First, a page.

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Doctoral Dissertation Announcement
Candidate: Sharon Lorraine Colley
Doctor of Philosophy
Department: Educational Leadership, Research and Technology
Title: Nursing Faculty Experiences and Perceptions of the Implementation Process to a Learner-Centered Teaching Philosophy: A Case Study
Dr. Louann Bierlein-Palmer, Chair
Dr. Andrea Beach
Dr. Mark VanLent
Date: Thursday, June 25, 2009 11:00 a.m. - 1:00 p.m.
Room 3005, East Beltline Regional Center, Grand Rapids
This study explores nursing faculty’s experiences with and per-ceptions of, their school of nursing’s change to a learner-centered teaching philosophy. The primary research goals are to determine faculty perceptions of what learner-centered approaches they are utilizing in their classes, what change conditions they perceive as significant to the implementation process, and how they perceive the overall faculty progress and unity toward the goal of adopting a learner-centered teaching philosophy. Using the theoretical frameworks of Carl Rogers and Donald Ely, a case study approach is used to examine the faculties’ use of five key concepts associated with the learner-centered philosophy, as well as the perceived importance of the eight conditions of change during the implementation phase of the change.
The participants include nine nursing faculty members from a mid-sized, mid-western public university. Interviews are conducted with each participant, and two narrative questionnaires are completed by participants over a period of three months. A review of university and department artifacts is also conducted. Thematic analysis is used to code and categorize the data. Data analysis reveals five categories with a total of 20 themes. The five categories include: (a) understanding of the philosophy, (b) teaching approaches, (c) mixed responses from students, (d) factors affecting implementation, and (e) perceptions of the current state.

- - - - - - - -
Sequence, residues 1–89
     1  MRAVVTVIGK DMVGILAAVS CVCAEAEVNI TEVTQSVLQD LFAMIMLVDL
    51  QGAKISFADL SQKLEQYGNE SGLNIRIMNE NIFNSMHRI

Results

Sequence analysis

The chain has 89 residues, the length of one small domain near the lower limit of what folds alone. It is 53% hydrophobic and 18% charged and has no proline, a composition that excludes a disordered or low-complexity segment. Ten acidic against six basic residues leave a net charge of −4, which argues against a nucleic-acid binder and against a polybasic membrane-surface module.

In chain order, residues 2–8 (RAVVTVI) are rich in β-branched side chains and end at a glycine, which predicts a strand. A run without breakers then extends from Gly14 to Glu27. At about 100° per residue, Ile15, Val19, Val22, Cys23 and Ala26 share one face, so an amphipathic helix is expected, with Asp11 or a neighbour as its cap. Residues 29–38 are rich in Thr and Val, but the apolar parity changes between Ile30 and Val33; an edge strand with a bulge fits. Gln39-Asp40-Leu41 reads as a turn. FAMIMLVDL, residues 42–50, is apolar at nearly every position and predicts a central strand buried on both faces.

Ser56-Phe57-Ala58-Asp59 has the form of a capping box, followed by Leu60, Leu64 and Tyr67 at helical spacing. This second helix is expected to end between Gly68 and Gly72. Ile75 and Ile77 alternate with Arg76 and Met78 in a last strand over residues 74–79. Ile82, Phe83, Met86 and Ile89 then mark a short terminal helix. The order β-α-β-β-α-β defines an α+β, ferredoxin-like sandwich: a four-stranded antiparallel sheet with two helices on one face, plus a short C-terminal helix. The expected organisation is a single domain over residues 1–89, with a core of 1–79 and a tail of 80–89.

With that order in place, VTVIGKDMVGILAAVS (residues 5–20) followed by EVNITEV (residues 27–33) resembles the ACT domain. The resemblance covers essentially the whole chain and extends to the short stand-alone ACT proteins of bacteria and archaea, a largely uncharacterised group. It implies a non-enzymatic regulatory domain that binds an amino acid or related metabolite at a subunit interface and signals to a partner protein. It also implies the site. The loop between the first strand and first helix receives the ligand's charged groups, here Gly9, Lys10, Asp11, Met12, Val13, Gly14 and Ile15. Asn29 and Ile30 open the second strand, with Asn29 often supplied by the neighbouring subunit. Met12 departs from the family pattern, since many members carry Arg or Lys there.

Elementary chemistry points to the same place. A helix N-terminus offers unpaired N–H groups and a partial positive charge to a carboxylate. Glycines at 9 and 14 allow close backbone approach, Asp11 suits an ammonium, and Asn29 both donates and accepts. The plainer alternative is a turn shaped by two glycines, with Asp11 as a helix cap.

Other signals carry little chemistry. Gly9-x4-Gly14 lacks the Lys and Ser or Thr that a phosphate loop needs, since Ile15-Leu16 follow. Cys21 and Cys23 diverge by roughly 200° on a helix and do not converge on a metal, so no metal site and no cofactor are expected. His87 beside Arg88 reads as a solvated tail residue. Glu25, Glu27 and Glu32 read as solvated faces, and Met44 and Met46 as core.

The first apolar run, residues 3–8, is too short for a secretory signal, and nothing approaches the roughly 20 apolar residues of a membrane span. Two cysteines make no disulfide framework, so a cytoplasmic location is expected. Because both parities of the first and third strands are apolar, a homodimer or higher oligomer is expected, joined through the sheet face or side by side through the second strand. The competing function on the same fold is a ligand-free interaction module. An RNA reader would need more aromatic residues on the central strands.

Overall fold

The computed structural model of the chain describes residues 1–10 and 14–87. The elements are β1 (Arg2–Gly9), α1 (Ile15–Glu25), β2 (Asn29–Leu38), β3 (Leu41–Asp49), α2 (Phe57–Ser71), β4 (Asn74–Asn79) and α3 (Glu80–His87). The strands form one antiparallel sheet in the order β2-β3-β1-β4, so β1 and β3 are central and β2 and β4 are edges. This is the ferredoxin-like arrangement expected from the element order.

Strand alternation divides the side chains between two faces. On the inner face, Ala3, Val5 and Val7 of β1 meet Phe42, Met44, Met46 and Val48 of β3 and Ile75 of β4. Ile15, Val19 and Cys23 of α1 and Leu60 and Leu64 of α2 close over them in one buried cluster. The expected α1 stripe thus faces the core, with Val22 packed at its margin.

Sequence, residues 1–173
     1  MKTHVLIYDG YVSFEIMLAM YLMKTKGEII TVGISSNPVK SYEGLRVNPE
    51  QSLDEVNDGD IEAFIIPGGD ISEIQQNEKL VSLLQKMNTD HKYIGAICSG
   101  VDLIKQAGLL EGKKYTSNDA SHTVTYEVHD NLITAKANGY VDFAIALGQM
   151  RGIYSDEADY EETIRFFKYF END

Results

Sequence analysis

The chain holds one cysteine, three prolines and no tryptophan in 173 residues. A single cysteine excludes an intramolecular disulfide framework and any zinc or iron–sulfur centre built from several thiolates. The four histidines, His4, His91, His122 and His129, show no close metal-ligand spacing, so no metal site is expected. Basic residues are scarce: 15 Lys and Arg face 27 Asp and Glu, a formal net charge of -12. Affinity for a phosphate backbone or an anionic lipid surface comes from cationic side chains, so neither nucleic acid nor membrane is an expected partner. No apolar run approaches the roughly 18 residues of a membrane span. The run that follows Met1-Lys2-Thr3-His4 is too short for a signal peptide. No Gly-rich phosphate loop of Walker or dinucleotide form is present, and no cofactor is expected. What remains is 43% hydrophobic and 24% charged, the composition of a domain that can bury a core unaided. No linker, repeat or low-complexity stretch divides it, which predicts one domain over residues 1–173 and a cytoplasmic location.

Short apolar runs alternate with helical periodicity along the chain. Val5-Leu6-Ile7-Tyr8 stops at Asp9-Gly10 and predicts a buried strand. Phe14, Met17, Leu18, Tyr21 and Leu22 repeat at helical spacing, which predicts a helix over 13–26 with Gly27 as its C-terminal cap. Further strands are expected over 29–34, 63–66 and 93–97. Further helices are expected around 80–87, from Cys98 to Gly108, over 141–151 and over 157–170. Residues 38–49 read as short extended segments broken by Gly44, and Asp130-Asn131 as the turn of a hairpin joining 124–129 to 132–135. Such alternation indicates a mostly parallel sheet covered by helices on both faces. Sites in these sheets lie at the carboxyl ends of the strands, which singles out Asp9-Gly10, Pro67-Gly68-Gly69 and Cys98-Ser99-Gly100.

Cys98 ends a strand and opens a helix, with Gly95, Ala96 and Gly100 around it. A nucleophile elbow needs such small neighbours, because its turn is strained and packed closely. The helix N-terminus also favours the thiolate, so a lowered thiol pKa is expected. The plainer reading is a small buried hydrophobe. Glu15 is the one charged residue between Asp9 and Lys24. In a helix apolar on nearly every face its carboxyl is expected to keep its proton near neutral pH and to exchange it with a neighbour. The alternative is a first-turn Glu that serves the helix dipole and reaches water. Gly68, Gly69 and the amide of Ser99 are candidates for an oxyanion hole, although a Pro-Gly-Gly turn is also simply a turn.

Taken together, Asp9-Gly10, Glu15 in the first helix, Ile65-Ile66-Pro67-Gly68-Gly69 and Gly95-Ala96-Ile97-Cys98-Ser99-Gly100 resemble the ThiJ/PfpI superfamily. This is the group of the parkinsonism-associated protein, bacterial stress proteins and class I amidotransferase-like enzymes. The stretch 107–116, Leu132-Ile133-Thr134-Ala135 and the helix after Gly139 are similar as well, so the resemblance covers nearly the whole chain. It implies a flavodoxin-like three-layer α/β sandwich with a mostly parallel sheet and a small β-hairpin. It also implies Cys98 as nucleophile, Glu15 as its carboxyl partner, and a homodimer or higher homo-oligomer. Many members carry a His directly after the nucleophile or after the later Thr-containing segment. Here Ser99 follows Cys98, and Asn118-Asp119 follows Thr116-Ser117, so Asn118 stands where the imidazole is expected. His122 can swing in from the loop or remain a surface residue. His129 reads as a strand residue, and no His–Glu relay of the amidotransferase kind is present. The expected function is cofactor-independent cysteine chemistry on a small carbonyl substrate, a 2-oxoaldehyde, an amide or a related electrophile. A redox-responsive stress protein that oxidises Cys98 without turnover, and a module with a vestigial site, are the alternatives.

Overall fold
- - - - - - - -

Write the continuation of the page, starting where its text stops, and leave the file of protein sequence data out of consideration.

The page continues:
This study supports the extant literature in many respects. Certain conditions for change are found to be important to the implementation process. However, other conditions are not deemed significant by participants, such as university leadership support, dissatisfaction with the status quo, and participation in the decision to make the change. The learner-centered philosophy is broad and requires an understanding of how it can be utilized in a multitude of different venues and with a variety of student populations. This study suggests faculty have a continued need for faculty development allowing them to grow in their knowledge of the philosophy. In addition, faculty need time built into their schedules that will allow increased faculty interaction to share implementation approaches. This study adds to the available literature by providing an in-depth understanding of how one nursing faculty group experienced the implementation phase of a change to a learner-centered philosophy.